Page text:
For UK-based students a pass in a further subject at AS level or equivalent is required.
English Language at grade B, plus Mathematics at grade C. For UK-based students, a grade C or equivalent in a foreign language (other than Ancient Greek, Biblical Hebrew or Latin) is required. UCL provides opportunities to meet the foreign language requirement following enrolment, further details at:
IB Diploma
A total of 19 points in three higher level subjects including Mathematics grade 7, with no score below 5.
UK applicants qualifications

For entry requirements with other UK qualifications accepted by UCL, choose your qualification from the list below:

Equivalent qualification

Not acceptable for entrance to this programme

Pass in Access to HE Diploma, with a minimum of 28 credits awarded with Distinction in the Level 3 units, the remainder of the Level 3 units awarded with Merit.

D2,D3,D3 in three Cambridge Pre-U Principal Subjects. Mathematics required at D2

A1,A,A at Advanced Highers (or A1,A at Advanced Higher and A,A,A at Higher). Mathematics A1 required at Advanced Higher.

Successful completion of the WBQ Advanced Diploma Core with grade A, plus 2 GCE A-levels at grades A*A, including Mathematics.

International applications

In addition to A level and International Baccalaureate, UCL considers a wide range of international qualifications for entry to its undergraduate degree programmes.

Undergraduate Preparatory Certificates

UCL offers intensive one-year foundation courses to prepare international students for a variety of degree programmes at UCL.

The Undergraduate Preparatory Certificates (UPCs) are for international students of high academic potential who are aiming to gain access to undergraduate degree programmes at UCL and other top UK universities.

For more information see our website: UCL Undergraduate Preparatory Certificate.

English language requirements

If your education has not been conducted in the English language, you will be expected to demonstrate evidence of an adequate level of English proficiency. Information about the evidence required, acceptable qualifications and test providers can be found on our English language requirements page.

The English language level for this programme is: Advanced

A variety of English language programmes are offered at the UCL Centre for Languages & International Education.


This programme will assist you in constructing and assessing philosophical positions and arguments, thereby teaching you how to analyse and present complex ideas. Furthermore, it will provide you with an understanding of a wide range of traditional and contemporary philosophical theories. Such skills are transferable to non-philosophical contexts.

The discipline of philosophical training, and in particular its emphasis on rigorous argumentation, logic, and clarity of thought and expression, makes philosophy graduates highly suitable for a wide variety of careers.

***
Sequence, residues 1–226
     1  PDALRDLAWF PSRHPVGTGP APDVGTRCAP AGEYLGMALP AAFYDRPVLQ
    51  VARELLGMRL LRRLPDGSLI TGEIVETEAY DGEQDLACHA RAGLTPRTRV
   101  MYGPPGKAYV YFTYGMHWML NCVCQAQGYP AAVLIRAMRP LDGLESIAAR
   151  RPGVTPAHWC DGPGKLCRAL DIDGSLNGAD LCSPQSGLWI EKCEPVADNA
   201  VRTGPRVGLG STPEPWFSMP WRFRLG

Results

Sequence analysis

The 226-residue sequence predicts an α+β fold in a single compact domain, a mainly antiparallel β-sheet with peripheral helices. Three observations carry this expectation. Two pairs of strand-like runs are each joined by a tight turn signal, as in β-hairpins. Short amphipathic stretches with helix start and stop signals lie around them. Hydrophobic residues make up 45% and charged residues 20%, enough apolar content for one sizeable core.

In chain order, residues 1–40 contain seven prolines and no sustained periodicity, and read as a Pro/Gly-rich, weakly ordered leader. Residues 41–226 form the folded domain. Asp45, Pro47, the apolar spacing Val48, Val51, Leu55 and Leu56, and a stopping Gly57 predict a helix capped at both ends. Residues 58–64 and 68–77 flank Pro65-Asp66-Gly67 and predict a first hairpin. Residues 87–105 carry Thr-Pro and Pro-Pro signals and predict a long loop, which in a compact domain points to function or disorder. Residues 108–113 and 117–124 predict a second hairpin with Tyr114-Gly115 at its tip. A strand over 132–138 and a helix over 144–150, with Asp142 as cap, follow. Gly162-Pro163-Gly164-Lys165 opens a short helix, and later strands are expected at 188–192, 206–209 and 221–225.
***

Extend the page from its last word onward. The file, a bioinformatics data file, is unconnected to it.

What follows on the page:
Many recent UCL graduates have excelled in the legal profession, training as both solicitors and barristers, while others have entered publishing, journalism, finance, the civil service, Parliament, or local government. Philosophy graduates are also sought after as programmers and systems analysts. A high proportion of students go on to further study in philosophy.


First career destinations of recent graduates (2010-2013) of this programme, apart from graduate study, include:

  • Analyst, Credit Suisse (2013)
  • Graduate Scheme, HSBC (2013)
  • Account Manager, Amazon (2013)
  • Analyst, Morgan Stanley (2012)
  • Audit Associate, Ernst and Young (2012)

*Data taken from the 'Destinations of Leavers from Higher Education' survey undertaken by HESA looking at the destinations of UK and EU students in the 2010-2013 graduating cohorts six months after graduation and, where necessary, department records.

UCL is commited to helping you get the best start after graduation. Read more about how UCL Careers, UCL Advances and other entrepreneur societies here: Careers and skills.

Procedure for 2015 Entry

UCL Philosophy enrols about 65 undergraduate students each year who we think are suited for sustained philosophical study. Most are on the single honours Philosophy BA programme. Our procedure has been developed in recent years to make the admissions process fairer and more efficient.

  • Applications should be made through UCAS

Average Application Numbers

Programme Number of Applications
Number of Offers Made
Philosophy BA (V500) 380 160
Philosophy and Economics BA (VL51) 110 40
Philosophy and History of Art BA (VV53) 52 12 (or more)
Philosophy and Greek BA (VQ57) 5 3

We need to apply a somewhat higher standard to Philosophy and Economics (VL51), given the high quality and quantity of the applications, and the limited number whom we can enrol.


Selection will be made on the basis of information contained in the UCAS form: achieved and predicted academic grades, the level of interest in, motivation towards, and experience of the subject as indicated in the personal statement, the reference supplied, and any relevant contextual factors. In addition applicants may be asked from time to time to provide further information, such as AS module results, or a response to a questionnaire.


An official decision reaches each applicant through UCL's Arts and Humanities Faculty and through UCAS.

We try to let applicants know the decision without too much delay, but in order to be fair to later applicants we may have to keep some waiting.

Regretfully, given the ratio of applicants to places, some good students are unsuccessful.

How to Apply button

Page last modified on 25 jul 13 12:09